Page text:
They’re ubiquitous on long-haul flights, underscoring their popularity among frequent travelers, but picking up a pair of premium active noise-cancelling (ANC) headphones – the sort that cut out outside noise by “listening” to ambient sounds to produce inverted, neutralizing soundwaves inside the headphones – is still limited to a slim set of choices. There’s Bose for comfort, Sennheiser for sound quality and Sony for the best noise cancellation, and Apple for the ecosystem advantages. Is JBL’s somewhat late entry into the premium ANC headphones space with its Tour One (Rs. 24,999) pair of cans a worthy contender, and with travel finally picking up, is this the One that you should Tour with?
At first glance, these are quite unlike the colorful wireless speakers or brightly-branded personal audio you would have come to expect from JBL. From the matte black finish on the earcups and the headband to the compact shape that the headphones fold into when placed in the semi-hardshell zippered carrying case, the design is a nod to the minimalist and somewhat monochrome look that’s been the hallmark of the Sony over-the-ear headphones in recent years.
The black chrome accents on the earcups and the headband give the Tour One a decidedly premium look. Even so, it’s a safe look that will work very well for the jet-setting business professionals at whom this is primarily targeted. Donning these on, the clamping force and the 267g weight render the Tour Ones light and very comfortable. There is a generous amount of padding on the ear cushions and headband. We were able to wear these for the entire length of a re-run of Dark Knight…and then some, without any associated ear fatigue.
As far as controls go, the Tour One keeps it simple, opting to eschew swipe gestures for simple yet occasionally fiddly tap commands on the right earcup for playback/call control and a dedicated set of up/down buttons for volume. A sliding switch turns the headset on and sliding-and-holding it for a couple of seconds enables pairing, while a multi-function button on the left earcup can be customized to turn ANC on/off or trigger your phone’s assistant.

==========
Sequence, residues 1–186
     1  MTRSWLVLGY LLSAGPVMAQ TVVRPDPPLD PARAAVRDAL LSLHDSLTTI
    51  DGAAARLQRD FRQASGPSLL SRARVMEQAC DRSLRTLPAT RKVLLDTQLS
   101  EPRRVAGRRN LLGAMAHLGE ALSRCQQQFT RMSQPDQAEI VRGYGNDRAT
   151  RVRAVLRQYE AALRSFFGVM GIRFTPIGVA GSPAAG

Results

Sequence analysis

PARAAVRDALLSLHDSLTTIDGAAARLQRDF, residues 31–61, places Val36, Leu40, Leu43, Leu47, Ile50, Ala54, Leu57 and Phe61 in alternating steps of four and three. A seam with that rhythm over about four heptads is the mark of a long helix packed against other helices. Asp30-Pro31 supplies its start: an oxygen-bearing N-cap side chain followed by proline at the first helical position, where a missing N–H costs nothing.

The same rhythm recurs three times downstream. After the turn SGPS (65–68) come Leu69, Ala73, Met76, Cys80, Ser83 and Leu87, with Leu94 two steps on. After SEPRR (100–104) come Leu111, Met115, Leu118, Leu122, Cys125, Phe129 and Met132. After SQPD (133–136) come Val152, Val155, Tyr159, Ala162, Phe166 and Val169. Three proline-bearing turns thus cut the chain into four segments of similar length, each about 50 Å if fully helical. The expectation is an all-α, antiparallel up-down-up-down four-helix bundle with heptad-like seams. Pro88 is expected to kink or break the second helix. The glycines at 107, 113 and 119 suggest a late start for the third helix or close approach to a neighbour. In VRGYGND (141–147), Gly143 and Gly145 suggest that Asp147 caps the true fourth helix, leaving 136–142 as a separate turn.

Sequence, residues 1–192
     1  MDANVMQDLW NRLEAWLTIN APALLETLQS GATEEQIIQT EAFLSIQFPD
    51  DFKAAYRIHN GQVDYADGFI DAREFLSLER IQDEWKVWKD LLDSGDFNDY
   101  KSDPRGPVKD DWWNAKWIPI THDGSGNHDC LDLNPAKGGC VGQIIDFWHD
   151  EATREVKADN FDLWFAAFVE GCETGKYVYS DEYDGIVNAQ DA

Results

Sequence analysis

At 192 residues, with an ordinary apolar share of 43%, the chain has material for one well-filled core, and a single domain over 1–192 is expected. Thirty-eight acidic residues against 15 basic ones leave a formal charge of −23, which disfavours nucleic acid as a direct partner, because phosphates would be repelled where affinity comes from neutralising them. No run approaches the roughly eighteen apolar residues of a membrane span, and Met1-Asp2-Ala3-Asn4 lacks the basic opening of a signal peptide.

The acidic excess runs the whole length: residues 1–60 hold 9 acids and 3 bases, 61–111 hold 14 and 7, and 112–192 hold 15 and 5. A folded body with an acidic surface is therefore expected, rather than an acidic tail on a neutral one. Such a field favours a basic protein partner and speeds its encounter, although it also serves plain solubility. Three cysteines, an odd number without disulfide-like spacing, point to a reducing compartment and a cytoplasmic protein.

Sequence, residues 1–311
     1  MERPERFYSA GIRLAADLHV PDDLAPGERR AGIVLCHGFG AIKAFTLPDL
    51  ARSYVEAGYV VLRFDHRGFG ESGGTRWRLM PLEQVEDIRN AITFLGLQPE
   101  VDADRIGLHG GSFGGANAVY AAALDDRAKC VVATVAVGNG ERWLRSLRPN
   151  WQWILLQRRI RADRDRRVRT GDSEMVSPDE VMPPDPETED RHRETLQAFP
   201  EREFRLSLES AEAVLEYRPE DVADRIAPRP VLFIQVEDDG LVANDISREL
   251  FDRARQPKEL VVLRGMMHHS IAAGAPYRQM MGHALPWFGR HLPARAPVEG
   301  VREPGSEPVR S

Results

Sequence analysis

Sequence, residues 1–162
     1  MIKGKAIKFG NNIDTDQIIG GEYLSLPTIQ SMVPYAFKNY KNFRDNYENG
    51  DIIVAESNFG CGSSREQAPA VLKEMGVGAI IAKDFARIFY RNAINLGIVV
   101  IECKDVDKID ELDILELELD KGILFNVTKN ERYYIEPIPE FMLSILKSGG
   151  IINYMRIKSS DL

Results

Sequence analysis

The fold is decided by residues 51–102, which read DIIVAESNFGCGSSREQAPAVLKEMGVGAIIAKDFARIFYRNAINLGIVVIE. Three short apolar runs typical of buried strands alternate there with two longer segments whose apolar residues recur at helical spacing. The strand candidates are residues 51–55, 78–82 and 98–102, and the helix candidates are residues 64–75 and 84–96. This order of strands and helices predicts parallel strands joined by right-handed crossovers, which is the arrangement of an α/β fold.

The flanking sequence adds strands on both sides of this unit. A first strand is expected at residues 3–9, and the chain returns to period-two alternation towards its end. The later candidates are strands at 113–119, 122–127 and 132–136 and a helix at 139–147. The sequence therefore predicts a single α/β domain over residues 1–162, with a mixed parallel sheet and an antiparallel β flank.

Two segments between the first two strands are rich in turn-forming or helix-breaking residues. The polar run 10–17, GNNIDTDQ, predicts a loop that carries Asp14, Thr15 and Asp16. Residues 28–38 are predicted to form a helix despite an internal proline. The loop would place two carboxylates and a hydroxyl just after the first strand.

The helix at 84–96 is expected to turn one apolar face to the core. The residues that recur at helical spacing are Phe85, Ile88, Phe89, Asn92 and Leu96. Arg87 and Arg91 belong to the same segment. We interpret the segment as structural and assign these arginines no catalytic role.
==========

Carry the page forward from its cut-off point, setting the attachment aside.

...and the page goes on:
Wear detection works well to pause and resume your music when the headphones are taken off or placed back on your head. Further control is available via the JBL Headphones app (available on iOS and Android), which allows you to customize settings around ANC, talk-through mode, equalizer and touch controls, among others. It’s functional as a companion app and gets the job done without getting in the way.
Before we dive into how it sounds, a quick round up of how the headphones are specced. Unless you’re connecting via the included stereo cable, the Tour One will connect over Bluetooth 5 with your smartphone or laptop. It also supports the standard SBC and AAC Bluetooth codecs, not the high-quality codecs like aptX, aptX HD, or LDAC, a bit of an odd exclusion at this price point, particularly if you intend on using these with Android phones that can really leverage the high-quality wireless codecs (iPhones, not so much).
A worthy mention: the four-mic array is killer for taking calls, and folks on the other end complimented how clear my voice was during testing. Battery life too was excellent, with the unit running between 25-30 hours on Bluetooth and noise cancelling switched on, or around 45-50 hours without noise cancellation. Speed charging using the supplied cable and any 10W power adapter will get the headphones juiced up for a movie’s worth of use in under 10 minutes. A full charge takes around two hours.
So far, the Tour One has compared well to the likes of the Sony XM4, but it really comes down to the sound quality and noise cancellation capabilities when you’re paying the kind of money ( ₹24,999) that you are for these headphones. Out of the box, the Tour One have a relatively neutral and balanced sound about them, with nice definition across the frequency spectrum, good clarity in the highs and a bass that’s not overbearing or overpowering. It’s clear JBL has tried to appeal to listeners of a wide variety of genres, as opposed to a lot of headphones that have a clear bias towards cranking up the bass. Wireless performance is good overall, with the equalizer presets doing a nice job on tuning the sound signature to suit the kind of music you’re listening to. But they’re held back a bit on warmth and soundstage, as on the level of detail on offer on account of the lack of the high-quality codecs.
Plug the Tour One into a digital-to-analog converter (DAC) with the included cable, and it responds with impressive levels of depth and resonance. Active noise cancellation was on par with the competition at its price point, handling outdoors noises like the hum of engines on the road or in flight well, as well as reducing the intensity of indoor noise. That said, I still felt there could be some amount of tuning on handling indoor noises better, possibly something that can be addressed via a future firmware upgrade.
The Tour One is a capable pair of noise-canceling headphones from the house of JBL. The combination of a balanced audio signature, good active noise cancellation, comfortable fit, excellent battery life and feature-rich companion app checks off many of the boxes users look for in this category. For the price, JBL has turned out a good contender, but it’s held back on a few counts from truly dominating the segment.
Tushar Kanwar, a tech columnist and commentator, tweets @2shar.